Since voters aren’t fixated on policy, elected representatives and other top government officials—the rare members of society who are seriously and consistently liberal, conservative, or otherwise ideological—are left “mostly free to pursue their own notions of the public good or to respond to party and interest group pressures” in formulating policies.
To illustrate their point, Achen and Bartels offer a harsh assessment of democracy by the political theorist John Dunn. Romantic perceptions of the democratic process, Dunn asserts, amount to an “illusion”:
To be ruled is both necessary and inherently discomfiting (as well as dangerous). For our rulers to be accountable to us softens its intrinsic humiliations, probably sets some hazy limits to the harms that they will voluntarily choose to do to us collectively, and thus diminishes some of the dangers to which their rule may expose us. To suggest that we can ever hope to have the power to make them act just as we would wish them to suggests that it is really we, not they, who are ruling. This is an illusion, and probably a somewhat malign illusion: either a self-deception, or an instance of being deceived by others, or very probably both.
Achen and Bartels also cite data comparing the voting record of each member of the U.S. Congress to the policy preferences of voters in their congressional districts. The data indicates that Republican and Democratic lawmakers whose constituents have similar policy preferences actually vote in quite different ways.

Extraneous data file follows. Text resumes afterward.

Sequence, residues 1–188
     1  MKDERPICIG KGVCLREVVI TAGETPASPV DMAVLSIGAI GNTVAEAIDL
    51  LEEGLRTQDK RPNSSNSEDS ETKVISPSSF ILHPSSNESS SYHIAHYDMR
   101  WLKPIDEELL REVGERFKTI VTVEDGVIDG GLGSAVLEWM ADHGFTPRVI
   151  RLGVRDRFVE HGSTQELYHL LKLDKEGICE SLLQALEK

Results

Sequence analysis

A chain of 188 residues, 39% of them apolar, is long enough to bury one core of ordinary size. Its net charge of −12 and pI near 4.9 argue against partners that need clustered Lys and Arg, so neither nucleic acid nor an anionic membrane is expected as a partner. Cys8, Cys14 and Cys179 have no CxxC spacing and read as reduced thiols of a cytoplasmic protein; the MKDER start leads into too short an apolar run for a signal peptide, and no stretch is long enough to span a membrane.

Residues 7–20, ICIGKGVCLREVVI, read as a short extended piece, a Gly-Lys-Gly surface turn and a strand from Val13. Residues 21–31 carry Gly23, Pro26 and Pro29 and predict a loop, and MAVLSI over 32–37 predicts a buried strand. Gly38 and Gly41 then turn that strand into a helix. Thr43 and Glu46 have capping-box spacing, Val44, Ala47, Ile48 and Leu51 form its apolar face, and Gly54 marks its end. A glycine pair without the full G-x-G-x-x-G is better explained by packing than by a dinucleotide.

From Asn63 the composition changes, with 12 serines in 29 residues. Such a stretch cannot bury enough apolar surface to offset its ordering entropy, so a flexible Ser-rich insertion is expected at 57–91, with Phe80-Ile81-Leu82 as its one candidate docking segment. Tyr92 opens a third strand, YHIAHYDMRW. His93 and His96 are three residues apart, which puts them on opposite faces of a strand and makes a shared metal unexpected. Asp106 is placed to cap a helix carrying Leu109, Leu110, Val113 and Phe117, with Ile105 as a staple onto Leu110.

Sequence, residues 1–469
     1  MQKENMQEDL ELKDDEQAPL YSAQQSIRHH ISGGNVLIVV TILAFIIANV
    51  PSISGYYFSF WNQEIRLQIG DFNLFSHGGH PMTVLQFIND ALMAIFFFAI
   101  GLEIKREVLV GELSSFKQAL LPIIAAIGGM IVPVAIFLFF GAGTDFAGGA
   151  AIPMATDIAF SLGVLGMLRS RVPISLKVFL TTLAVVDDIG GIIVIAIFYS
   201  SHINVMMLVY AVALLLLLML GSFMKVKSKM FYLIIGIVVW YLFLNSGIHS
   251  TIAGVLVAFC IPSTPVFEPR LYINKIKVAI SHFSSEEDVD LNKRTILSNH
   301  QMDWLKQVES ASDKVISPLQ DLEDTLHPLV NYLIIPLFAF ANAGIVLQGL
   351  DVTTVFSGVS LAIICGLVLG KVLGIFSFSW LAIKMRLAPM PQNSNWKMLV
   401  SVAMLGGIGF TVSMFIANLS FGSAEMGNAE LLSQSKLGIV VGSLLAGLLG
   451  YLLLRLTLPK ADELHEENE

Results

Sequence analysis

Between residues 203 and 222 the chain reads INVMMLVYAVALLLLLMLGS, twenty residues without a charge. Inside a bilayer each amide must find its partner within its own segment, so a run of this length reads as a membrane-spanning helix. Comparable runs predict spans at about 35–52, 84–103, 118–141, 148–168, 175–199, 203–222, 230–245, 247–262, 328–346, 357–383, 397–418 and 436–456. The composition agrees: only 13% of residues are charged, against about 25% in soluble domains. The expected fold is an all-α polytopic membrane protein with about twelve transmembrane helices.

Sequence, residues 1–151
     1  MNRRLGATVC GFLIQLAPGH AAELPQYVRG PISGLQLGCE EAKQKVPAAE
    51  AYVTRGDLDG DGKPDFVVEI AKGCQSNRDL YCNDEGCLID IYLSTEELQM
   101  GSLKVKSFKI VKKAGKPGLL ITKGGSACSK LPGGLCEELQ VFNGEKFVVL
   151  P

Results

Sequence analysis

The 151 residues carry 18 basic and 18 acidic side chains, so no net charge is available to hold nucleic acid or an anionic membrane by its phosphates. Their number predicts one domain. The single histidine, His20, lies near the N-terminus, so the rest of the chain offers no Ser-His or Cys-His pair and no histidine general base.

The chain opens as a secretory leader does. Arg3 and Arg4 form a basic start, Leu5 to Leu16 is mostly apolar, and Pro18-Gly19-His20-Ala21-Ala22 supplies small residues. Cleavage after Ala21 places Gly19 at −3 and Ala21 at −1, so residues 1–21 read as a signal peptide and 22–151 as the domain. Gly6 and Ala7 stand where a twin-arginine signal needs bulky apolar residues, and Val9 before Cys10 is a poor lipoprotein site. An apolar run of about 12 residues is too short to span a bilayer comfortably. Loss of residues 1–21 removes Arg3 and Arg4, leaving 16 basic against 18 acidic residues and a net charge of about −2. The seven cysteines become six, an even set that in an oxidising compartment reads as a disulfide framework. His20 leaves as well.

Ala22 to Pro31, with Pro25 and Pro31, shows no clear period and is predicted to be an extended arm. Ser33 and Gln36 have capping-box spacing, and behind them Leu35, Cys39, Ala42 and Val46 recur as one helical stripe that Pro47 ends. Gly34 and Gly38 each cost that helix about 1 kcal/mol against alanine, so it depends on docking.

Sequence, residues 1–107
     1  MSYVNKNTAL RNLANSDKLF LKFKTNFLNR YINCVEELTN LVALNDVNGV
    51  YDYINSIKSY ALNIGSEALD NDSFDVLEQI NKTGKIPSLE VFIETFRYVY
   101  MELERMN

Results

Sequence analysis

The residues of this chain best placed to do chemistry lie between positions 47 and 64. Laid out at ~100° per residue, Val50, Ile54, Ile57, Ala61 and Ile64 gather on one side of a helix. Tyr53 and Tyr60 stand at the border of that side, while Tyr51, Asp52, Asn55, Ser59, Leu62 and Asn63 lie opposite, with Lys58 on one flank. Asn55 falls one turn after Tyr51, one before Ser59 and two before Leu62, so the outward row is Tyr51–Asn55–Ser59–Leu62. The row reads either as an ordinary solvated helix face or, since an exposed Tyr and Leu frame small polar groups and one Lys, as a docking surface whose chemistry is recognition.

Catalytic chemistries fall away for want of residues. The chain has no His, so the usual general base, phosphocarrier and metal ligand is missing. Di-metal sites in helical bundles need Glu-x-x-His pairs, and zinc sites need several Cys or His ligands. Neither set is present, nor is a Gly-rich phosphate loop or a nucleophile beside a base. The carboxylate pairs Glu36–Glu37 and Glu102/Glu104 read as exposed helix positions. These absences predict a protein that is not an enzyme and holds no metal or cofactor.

“The key point is that representatives’ voting behavior was not strongly constrained by their constituents’ views,” Achen and Bartels write. “Elections do not force successful candidates to reflect the policy preferences of the median voter.” The authors claim there’s no hard evidence to suggest that these dynamics would vary in countries with political systems of proportional representation and more parties than in the U.S.
In other words: By voting, you can play some role in electing your member of Congress. But you have far less control over which policies that member supports once in office, let alone which policies the government as a whole pursues. Similarly, you can cast a ballot for Boaty McBoatface and help shoot the name to the top of an online poll. But you’re pretty powerless when it comes to what the science minister does with that information.
Perhaps, deep down, Boaty McBoatface supporters know all this. Writing about the episode in The Guardian, Nell Frizzell speculated that the British public had responded to the contest the way it had precisely because people suspected that NERC’s outreach, however well-intentioned, was insincere. “[T]here is an age-old desire to thumb our nose at pomposity,” she argued. “Nothing makes my lips twitch for a knob joke or silly name like a group of middle-aged professionals trying to be inspiring, profound or historic. Like blowing a raspberry in the dramatic pause of a Shakespearean soliloquy, this is how we, the little guys, kick back against the sombre, the sober and the austere.”
And just as you might expect, the big, sober guy has now returned the kick. Science, Jo Johnson says, is far too Serious for the likes of Boaty McBoatface. The government appreciates the people’s suggestion, but now it’s time for the professionals to take over.